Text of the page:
• Summary
  • Contents
  • Subject index

Some teachers believe that gender doesn't matter to young children, some believe that good early childhood practice produces equity for all and others believe that pursuing gender equity compromises relationships with parents. Glenda MacNaughton confronts these common myths and shows that even very young children are clearly aware of gender roles, whether they are playing among themselves, listening to stories or interacting with adults.

Rethinking Gender in Early Childhood

Education reveals how the focus on individual development that is promoted in early childhood education doesn't produce gender equity. Rather, everyday teaching practices influence the gendering of young children's identities. Glenda MacNaughton draws on theory and research to explain this and to develop approaches, which open up new possibilities for both boys and girls.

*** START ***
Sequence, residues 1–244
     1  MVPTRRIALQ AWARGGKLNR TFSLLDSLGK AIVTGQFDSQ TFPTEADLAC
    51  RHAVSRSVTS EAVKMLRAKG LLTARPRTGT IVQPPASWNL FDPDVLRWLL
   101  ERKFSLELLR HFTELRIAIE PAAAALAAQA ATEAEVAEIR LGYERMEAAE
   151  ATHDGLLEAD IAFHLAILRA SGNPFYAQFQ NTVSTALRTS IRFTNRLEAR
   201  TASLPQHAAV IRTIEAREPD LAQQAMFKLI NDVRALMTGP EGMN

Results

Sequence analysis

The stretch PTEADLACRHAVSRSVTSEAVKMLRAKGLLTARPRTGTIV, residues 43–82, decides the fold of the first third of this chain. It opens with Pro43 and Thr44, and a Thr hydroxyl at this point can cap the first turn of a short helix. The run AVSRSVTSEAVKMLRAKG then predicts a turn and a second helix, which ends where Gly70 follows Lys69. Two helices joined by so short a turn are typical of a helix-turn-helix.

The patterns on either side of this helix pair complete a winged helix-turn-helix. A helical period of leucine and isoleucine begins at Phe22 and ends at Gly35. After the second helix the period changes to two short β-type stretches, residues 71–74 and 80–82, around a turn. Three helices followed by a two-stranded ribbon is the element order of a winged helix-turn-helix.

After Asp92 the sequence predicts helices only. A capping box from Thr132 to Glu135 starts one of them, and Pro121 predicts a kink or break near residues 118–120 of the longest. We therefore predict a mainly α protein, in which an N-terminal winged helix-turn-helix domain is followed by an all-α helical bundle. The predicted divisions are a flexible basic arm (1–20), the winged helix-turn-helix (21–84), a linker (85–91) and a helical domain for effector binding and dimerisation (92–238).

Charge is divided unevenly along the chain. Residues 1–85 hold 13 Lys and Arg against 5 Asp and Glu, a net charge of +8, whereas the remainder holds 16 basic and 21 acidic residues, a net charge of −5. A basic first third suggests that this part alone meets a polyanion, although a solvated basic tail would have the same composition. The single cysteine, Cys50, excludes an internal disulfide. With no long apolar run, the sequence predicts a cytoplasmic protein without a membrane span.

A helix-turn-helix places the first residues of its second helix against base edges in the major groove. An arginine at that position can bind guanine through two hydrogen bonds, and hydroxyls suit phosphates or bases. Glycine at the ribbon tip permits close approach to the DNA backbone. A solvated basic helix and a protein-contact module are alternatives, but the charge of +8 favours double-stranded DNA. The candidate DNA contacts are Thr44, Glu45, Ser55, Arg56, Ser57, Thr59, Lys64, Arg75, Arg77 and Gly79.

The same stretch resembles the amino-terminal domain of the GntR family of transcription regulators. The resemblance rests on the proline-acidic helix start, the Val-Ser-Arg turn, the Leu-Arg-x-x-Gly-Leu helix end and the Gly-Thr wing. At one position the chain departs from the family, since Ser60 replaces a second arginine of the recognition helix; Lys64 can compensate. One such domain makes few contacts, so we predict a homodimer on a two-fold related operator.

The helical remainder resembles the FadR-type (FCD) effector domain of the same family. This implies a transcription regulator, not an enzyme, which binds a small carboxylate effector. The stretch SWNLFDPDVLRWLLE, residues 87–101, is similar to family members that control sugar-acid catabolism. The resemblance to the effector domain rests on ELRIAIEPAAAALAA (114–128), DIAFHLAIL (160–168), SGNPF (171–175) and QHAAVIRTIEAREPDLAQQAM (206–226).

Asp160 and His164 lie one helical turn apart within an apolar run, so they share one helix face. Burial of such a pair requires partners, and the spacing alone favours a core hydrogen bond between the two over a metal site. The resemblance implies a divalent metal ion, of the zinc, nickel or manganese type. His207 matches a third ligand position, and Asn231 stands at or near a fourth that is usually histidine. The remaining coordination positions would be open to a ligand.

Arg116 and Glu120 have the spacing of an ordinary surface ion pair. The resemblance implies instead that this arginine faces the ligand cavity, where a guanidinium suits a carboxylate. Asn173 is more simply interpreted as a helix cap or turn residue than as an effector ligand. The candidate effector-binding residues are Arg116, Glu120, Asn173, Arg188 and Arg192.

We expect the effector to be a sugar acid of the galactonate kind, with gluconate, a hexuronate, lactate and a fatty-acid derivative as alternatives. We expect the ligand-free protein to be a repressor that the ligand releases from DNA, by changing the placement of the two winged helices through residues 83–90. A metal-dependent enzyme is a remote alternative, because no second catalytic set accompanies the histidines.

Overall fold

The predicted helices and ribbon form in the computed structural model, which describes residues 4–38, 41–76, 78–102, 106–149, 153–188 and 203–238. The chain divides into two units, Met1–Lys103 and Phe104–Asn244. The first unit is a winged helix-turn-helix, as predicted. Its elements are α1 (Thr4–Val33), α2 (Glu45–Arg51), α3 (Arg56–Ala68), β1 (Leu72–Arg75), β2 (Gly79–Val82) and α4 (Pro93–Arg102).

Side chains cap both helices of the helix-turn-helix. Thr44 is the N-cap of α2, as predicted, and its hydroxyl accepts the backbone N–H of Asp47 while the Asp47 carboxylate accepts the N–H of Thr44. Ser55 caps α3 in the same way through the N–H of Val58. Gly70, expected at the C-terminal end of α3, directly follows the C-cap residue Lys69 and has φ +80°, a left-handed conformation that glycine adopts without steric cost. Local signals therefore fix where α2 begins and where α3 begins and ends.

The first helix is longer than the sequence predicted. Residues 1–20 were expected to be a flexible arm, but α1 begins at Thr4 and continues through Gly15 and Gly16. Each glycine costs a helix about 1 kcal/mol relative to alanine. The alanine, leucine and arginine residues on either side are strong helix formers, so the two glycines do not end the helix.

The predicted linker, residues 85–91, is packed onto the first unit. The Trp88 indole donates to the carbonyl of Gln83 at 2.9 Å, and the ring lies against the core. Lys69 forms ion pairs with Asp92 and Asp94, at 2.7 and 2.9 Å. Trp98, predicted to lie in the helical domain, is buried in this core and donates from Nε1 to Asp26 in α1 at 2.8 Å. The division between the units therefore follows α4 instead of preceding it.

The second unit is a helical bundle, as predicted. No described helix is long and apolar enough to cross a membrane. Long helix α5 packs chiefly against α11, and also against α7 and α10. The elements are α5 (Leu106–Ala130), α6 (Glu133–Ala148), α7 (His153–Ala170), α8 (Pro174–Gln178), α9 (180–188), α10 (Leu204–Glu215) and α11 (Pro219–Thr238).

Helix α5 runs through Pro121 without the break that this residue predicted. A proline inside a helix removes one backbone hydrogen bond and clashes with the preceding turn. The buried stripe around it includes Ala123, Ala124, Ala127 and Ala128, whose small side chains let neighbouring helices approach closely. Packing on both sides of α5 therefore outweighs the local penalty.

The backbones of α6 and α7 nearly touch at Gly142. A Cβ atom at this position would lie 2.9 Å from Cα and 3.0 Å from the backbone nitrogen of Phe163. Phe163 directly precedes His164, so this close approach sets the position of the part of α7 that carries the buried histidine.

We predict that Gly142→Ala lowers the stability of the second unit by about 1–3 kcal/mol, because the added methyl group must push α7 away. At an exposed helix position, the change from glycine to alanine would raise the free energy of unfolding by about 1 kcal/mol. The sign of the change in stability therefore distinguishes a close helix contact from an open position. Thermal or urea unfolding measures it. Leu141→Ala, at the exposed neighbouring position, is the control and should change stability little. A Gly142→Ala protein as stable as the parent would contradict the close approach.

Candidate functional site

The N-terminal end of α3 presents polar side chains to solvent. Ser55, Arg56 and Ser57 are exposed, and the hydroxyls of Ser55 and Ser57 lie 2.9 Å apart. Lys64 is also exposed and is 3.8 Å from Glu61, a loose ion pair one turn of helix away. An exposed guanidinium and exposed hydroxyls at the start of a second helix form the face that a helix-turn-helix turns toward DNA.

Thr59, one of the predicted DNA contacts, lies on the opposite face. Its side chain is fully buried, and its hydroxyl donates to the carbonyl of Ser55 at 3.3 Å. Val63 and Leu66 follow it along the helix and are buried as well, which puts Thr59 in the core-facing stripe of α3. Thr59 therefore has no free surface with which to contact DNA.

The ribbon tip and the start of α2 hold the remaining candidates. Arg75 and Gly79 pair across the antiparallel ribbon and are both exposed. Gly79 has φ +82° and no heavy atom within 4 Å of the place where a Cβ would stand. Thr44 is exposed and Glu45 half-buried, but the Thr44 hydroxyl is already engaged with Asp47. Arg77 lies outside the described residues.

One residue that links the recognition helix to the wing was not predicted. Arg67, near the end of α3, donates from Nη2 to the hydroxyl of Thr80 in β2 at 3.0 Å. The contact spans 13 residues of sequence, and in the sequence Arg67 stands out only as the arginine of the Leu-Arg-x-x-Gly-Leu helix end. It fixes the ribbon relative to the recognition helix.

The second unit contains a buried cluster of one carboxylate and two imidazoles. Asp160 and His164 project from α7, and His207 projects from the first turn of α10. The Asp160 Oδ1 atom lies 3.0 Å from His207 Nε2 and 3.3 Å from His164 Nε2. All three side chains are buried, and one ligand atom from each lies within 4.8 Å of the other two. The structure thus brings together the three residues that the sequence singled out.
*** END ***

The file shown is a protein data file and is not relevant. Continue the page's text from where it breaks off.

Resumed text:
Gender Equity's Just Good Practice, Isn't It?
Gender equity's just good practice, isn't it?
  • Lydia: This term I'm trying hard to ensure that each of the girls can use the woodwork equipment effectively.
  • Nada: Don't worry too much about it. It will just happen.
  • Lydia: How is that?
  • Nada: If you make woodwork available to the girls they'll do it when they're ready to. It won't work if you force them to use the equipment.
  • Lydia: I really disagree. I don't think they'll use the woodwork area unless I take a strong stance against the boys' domination of it.
  • Nada: I think that you're really over-reacting. Just follow good early childhood practice and it will happen. If you provide the opportunity in an appropriate way the girls will come to it ...
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